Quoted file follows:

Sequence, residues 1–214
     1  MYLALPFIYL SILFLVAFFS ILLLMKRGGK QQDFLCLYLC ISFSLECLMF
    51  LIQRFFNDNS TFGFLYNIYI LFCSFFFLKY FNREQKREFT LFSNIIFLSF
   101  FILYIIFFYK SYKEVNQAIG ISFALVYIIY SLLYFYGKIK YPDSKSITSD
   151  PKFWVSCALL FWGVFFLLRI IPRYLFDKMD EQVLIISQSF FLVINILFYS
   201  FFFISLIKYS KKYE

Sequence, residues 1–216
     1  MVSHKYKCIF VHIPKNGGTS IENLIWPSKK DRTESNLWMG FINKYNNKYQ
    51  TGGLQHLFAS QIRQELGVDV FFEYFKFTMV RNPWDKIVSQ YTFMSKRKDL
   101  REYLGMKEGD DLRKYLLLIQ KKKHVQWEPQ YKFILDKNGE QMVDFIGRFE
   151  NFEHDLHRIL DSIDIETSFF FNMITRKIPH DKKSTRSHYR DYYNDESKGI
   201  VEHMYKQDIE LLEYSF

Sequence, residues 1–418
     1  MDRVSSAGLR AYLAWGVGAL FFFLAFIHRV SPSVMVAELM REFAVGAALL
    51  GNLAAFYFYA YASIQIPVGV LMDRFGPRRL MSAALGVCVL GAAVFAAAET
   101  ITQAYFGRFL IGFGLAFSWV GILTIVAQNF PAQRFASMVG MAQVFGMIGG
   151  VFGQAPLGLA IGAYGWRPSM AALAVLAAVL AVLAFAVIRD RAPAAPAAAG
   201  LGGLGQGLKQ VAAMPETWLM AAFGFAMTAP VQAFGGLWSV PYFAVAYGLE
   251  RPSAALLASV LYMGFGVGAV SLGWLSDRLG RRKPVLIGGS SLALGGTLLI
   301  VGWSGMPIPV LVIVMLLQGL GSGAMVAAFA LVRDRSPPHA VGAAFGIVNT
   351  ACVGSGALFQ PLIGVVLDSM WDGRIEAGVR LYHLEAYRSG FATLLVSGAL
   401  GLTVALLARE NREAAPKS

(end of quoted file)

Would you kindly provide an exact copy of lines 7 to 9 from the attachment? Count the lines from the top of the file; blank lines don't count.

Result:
Sequence, residues 1–216
     1  MVSHKYKCIF VHIPKNGGTS IENLIWPSKK DRTESNLWMG FINKYNNKYQ
    51  TGGLQHLFAS QIRQELGVDV FFEYFKFTMV RNPWDKIVSQ YTFMSKRKDL